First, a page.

Visitors alight at Digbeth coach station, New Street, Moor Street and Snow Hill only to wander round the streets looking for bus connections. The impression this gives to visitors and newcomers doesn't take much imagination.
No underground, no metro system of any note, no council that has the vision to think beyond their term in office and bereft of any ideas not supported by government handouts.
Why isn't it possible for all parties on the local council to unite in a long-term self-funded strategy, and leave a transport infrastructure of which generations could be proud? Or am I just dreaming?
That "world class city" ambition will soon grind to a halt if we can't get this right. Come on councillors, just for once pull together for the sake of the city.
N SMITHSON, Convention Quarter
Old rockers still have the magic
Dear Editor, Magnificent. Fantastic. And what a voice Robert Plant still has.
I was one of those fans lucky enough to win a ticket to the gig of the decade – Led Zeppelin – on Tuesday night... and they didn't disappoint. After 19 silent years, the old rockers showed they still have all the magic – and in spades.
DAVE WHITE, By email
Fair share of Olympic funds for the region
Dear Editor, Labour MP Sion Simon is right to challenge Olympics Minister, Tessa Jowell, on how much of the vast £9.3 billion of public money will go into the Midlands economy.
In the run up to the Olympics, we were urged by Lord Coe and his team to support London’s bid because – allegedly – the whole country would benefit.
Equally right is Conservative MP Andrew Mitchell when he says that "this Government has consistently favoured London and neglected Birmingham" and sought assurances that it wouldn’t happen in the case of the Olympics.
In stark contrast to this welcome fighting talk is the comment by the networking group, Birmingham Forward, which suggests that as the Olympics are going to happen anyway we had better "make the most of it rather than complain".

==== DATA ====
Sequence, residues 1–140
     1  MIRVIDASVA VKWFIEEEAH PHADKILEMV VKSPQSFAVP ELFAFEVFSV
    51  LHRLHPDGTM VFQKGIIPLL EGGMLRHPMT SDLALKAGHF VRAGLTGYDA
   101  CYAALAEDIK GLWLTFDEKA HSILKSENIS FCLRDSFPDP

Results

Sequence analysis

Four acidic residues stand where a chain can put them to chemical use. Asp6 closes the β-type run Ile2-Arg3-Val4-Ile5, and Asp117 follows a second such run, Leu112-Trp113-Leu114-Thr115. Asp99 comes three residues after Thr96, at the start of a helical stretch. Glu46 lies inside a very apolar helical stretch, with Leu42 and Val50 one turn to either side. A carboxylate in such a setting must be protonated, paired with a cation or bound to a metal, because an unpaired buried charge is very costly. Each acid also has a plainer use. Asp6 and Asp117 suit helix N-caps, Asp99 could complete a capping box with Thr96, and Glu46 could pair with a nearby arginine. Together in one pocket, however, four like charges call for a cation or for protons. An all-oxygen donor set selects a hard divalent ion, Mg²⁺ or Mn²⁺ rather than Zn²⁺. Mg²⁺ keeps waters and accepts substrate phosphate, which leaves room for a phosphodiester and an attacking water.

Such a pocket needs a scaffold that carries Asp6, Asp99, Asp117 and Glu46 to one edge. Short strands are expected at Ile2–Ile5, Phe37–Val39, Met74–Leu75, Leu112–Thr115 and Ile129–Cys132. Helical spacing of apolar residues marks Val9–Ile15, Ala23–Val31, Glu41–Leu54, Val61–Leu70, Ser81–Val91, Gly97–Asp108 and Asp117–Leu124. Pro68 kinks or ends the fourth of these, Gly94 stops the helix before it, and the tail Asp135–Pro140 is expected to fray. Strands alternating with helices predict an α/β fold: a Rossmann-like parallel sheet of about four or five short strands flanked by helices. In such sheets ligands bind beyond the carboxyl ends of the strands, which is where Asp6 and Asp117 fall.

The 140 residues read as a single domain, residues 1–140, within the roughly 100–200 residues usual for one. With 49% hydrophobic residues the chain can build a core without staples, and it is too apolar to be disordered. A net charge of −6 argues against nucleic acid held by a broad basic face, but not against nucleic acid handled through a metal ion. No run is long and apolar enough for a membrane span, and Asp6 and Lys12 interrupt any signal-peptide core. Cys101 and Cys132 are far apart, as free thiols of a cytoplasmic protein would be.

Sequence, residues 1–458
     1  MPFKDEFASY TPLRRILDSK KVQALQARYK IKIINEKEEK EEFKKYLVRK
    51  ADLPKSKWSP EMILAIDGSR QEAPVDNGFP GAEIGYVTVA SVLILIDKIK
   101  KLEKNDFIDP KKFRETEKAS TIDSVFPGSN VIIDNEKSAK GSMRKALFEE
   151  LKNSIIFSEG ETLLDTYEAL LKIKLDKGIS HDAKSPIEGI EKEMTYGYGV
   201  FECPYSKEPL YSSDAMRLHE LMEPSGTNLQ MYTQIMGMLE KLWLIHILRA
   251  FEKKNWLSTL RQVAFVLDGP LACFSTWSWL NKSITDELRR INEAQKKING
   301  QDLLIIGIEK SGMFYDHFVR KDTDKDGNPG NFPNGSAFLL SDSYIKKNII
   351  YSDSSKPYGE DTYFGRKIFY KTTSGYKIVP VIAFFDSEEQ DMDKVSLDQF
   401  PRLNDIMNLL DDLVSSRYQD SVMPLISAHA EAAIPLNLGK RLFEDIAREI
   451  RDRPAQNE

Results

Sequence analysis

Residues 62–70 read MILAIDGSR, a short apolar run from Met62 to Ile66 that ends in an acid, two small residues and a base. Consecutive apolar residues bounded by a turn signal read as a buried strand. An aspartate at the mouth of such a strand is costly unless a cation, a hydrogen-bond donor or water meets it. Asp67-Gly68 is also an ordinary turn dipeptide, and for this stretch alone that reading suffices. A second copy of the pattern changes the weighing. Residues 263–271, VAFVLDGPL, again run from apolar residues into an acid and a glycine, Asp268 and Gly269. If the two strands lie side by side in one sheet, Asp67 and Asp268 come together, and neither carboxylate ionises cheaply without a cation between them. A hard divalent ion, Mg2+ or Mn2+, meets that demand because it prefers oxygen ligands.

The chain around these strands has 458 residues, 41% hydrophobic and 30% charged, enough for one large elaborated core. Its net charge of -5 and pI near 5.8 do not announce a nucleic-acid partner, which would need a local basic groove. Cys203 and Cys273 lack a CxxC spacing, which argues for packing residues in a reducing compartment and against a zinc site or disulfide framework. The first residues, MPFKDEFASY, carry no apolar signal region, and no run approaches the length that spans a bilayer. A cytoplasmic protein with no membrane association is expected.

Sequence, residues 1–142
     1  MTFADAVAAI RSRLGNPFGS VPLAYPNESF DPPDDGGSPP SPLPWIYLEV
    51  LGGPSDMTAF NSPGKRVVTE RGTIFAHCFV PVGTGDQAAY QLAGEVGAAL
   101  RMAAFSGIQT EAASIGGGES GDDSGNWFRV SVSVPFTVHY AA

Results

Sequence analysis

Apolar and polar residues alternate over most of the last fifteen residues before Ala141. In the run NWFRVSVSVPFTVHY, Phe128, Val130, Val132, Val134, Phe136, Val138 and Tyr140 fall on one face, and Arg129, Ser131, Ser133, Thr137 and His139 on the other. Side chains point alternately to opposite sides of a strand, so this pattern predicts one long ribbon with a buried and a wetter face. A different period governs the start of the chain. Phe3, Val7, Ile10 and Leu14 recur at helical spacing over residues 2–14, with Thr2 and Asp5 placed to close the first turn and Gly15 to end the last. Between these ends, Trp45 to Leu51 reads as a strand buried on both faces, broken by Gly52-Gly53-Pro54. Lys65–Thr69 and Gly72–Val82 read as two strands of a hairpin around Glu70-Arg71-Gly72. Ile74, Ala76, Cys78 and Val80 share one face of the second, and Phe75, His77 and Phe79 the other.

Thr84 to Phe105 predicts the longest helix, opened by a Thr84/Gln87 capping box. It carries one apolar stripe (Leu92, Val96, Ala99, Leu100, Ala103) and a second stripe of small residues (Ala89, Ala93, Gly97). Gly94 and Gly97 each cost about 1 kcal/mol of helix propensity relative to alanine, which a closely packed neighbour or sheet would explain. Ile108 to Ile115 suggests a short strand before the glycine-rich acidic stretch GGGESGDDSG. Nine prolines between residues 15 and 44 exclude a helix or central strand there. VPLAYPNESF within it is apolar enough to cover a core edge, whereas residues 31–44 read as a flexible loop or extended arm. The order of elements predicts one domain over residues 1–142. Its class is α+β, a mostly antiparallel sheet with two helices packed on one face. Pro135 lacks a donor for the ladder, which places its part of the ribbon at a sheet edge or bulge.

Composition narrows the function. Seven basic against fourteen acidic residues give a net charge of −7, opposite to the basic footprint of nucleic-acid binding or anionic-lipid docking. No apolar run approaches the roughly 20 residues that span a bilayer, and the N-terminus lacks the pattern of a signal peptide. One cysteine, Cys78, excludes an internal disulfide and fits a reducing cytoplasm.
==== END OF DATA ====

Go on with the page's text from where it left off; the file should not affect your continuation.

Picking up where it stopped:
Birmingham is hosting the Chinese track and field Olympic team and, I believe, hoping to welcome the US team. We urgently need a proper Olympic-sized swimming pool here (unless Tessa Jowell would prefer simply to confirm that the Olympics are just for the benefit of the South East), perhaps Ms Jowell could allocate the appropriate funds to Birmingham to build one.
NEIL MAYBURY, Birmingham Business Focus
Irony rewarding failure and the lack of skills
Dear Editor, A so-called England football manager can't do his job and is sacked, but walks away with £2.5 million?
An Engineering MD, through rank bad management goes insolvent and 17 skilled workers are made redundant. Their redundancy money has to be claimed from the Government. That's the real world.
It's ironic how there are fewer English footballers due to the flood of foreign players over here on high wages, while there are fewer English toolmakers due to the work going abroad because of the cheapness of the cost.
IAN MANN, Coleshill
A broken promise
Dear Editor, It is reported that the Prime Minister will go to Lisbon and sign the EU Treaty, but will arrive late and miss the main ceremony.
In doing so he will earn the contempt, not only of 'Little Englanders' such as myself, but also the dismay and ridicule of the Euro enthusiasts.
Clearly Mr Brown is ashamed and embarrassed at his betrayal of the British people, and also of the promise he made in 2005 that he would allow a referendum if Labour was returned to power. It was that falsehood that helped Labour to win the last election and the same one that will lead it to defeat at the next.
The Prime Minister is too embarrassed to be seen sipping Champagne with other European leaders at the great betrayal.
Large numbers of traditional Labour voters will simply abstain from voting in 2010 and the Tories will win by default as they have done before.
The public will never forgive such blatant treachery.
JAMES BENTON, Birmingham